“Deliverance,” one of the most controversial and disturbing films of its time, still packs a punch 40 years later.
“Deliverance” was a 1970 novel by James Dickey which hit the big screen just two years later. Director John Boorman brought it to life with an excellent cast, most of which was in attendance this past weekend at TCM Fest.Boorman (who also co-wrote the screenplay with James Dickey), was joined by a very serious Jon Voight, the still very funny Burt Reynolds, and the cantankerous Ned Beatty. Missing from the 40 year reunion was Ronny Cox (who is currently on tour with his band), and the late screenwriter and novelist James Dickey, who also had a cameo as the sheriff in the movie.
“Deliverance” documents the very ill-advised 1972 canoe trip down an untamed river for four city slickers in the North Georgia wilderness. The dynamic film opens with the spirited theme “Dueling Banjos,” as Ronny Cox’s guitar is challenged by an odd-looking hillbilly kid on a banjo. This scene is one of the most memorable ever seen a motion picture, and defines the struggle between city and mountain folks that really make “Deliverance” the unique masterpiece it has become in cinematic history.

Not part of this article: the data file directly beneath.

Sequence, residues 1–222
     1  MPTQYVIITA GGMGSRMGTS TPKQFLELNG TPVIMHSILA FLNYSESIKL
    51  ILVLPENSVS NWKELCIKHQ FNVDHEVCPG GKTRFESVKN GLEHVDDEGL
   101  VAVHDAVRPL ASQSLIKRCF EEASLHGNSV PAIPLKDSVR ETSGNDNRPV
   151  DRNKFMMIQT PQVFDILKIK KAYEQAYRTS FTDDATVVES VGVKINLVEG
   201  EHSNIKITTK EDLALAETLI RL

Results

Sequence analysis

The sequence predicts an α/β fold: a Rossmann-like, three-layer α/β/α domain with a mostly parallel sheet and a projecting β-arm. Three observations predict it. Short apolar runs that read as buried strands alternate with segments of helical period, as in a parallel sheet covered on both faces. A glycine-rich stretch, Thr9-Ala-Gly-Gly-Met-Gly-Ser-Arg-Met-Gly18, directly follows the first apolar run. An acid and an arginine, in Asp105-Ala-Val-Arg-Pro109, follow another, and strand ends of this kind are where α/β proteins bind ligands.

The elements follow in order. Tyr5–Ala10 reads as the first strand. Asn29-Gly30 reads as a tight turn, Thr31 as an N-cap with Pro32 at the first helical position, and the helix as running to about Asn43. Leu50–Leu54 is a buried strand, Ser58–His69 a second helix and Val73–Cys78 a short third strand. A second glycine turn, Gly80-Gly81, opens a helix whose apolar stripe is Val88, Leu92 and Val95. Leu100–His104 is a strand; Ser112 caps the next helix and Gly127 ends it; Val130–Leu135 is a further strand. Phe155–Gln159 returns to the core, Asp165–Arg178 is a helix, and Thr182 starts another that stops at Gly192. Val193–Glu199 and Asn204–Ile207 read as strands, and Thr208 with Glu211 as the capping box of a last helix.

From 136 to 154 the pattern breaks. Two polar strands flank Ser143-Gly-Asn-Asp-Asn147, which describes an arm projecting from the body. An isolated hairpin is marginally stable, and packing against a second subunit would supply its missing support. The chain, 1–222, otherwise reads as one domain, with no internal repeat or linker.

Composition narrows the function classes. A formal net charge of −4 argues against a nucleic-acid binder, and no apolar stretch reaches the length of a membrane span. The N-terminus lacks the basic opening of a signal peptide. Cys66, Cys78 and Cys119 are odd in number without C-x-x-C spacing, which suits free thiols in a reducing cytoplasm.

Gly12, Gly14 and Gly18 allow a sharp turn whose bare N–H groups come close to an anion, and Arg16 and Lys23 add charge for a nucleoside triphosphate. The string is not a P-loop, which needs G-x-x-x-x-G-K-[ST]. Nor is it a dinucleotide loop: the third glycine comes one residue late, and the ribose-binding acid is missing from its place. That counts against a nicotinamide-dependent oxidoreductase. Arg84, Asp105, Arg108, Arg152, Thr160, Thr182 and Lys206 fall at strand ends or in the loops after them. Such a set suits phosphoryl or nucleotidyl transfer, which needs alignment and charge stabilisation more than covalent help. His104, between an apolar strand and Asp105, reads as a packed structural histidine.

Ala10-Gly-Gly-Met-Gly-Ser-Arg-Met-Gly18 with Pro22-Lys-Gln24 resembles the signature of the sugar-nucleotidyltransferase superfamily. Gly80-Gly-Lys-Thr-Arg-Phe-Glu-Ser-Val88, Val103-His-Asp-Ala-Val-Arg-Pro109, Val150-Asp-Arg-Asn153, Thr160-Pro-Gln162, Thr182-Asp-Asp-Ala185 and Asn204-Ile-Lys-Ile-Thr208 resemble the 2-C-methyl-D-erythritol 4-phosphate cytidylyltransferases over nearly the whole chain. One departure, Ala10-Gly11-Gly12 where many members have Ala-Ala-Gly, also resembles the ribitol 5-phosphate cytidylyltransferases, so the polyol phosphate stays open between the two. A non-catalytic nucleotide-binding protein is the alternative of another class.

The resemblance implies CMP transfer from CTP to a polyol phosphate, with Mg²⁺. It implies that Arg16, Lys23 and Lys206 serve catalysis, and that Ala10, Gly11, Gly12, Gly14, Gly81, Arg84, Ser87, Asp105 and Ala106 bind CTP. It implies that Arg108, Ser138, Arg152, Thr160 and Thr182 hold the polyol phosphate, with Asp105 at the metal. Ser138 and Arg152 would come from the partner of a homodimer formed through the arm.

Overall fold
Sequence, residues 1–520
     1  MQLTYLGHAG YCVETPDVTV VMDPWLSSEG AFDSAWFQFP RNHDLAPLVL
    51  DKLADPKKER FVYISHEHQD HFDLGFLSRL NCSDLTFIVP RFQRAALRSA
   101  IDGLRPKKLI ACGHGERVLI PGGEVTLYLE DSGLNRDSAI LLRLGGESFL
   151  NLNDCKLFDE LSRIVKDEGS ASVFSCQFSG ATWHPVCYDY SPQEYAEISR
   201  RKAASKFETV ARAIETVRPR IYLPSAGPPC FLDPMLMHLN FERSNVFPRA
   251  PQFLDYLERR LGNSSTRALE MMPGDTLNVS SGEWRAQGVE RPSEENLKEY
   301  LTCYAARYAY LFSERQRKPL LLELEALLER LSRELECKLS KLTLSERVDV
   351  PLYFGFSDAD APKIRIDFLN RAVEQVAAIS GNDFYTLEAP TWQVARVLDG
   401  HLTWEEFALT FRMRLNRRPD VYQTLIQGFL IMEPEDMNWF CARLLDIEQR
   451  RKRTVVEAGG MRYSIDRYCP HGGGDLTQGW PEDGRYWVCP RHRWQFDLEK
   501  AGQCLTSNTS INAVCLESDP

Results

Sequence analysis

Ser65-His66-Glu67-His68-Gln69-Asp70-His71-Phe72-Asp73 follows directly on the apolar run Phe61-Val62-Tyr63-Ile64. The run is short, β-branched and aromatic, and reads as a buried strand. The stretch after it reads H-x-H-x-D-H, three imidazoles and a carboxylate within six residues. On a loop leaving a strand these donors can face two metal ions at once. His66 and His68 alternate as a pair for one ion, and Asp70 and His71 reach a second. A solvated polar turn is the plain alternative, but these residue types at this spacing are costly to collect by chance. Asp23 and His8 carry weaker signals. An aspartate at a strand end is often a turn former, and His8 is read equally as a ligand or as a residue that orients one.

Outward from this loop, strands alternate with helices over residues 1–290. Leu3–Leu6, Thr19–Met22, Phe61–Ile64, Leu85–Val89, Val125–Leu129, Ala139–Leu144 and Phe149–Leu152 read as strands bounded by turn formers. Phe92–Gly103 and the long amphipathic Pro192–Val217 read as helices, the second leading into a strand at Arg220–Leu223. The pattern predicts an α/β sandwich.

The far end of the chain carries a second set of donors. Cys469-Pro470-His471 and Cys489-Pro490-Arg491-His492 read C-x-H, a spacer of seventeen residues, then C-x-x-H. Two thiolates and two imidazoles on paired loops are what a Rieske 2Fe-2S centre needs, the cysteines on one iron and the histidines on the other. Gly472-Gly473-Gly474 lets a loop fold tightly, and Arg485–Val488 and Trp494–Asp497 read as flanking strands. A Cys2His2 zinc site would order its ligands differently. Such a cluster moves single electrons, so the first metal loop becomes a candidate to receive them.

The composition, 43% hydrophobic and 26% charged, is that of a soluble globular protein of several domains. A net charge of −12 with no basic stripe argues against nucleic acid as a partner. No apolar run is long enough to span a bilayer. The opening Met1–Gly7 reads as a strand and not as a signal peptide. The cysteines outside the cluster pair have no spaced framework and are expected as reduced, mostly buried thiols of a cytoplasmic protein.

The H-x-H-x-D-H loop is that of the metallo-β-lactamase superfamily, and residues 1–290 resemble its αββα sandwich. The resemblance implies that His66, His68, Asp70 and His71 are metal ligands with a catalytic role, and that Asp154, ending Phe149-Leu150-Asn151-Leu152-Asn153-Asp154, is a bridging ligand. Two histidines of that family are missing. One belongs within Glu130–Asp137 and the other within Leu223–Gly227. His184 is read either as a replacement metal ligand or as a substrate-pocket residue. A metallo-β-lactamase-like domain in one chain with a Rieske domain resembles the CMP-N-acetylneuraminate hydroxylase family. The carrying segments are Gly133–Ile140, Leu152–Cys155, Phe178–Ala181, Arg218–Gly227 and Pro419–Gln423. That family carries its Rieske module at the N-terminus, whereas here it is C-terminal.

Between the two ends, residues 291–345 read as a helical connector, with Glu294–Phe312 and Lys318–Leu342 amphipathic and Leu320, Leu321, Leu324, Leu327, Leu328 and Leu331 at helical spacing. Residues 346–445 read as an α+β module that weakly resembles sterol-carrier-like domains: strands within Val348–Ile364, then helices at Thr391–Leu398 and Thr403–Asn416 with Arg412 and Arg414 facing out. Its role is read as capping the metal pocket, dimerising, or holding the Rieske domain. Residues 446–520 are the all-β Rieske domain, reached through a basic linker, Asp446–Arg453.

It was great to see them all on stage together, but Burt Reynolds is the one I most wanted to see, as this is the film that defined his career. He had mainly only done television up to this point. Reynolds described the 1972 Burt as ego oriented and very naive. Feeling invincible, Burt chose to do many of his own stunts, including going over a waterfall in (or should I say OUT of) his canoe. The authenticity was established, and it worked well on the screen, but it hurt Burt’s back permanently.
Burt said he had done four television series, only one being successful, (‘Evening Shade’), and over 70 films. He continued, “As far as I’m concerned, I’ve only done ONE movie, and “Deliverance” is it. He got large kudos from his fellow cast members, and a standing ovation from the audience. Burt has had many box office hits, but this is the film that started his long run of success.
“Deliverance” still holds up 40 years later, due to excellent cinematography, a challenging plot, and great performances from Jon Voight, Ned Beatty, and Burt Reynolds. “Deliverance” had such an affect on me as a kid, I have never had the courage to venture into the woods since.
“Deliverance” is considered such an achievement, that it has been selected for preservation by The Library Of Congress, and is now a part of the US National Film Registry. Several canoes from “Deliverance” are also now on display at ‘The Burt Reynolds Museum” in Jupiter, Florida.
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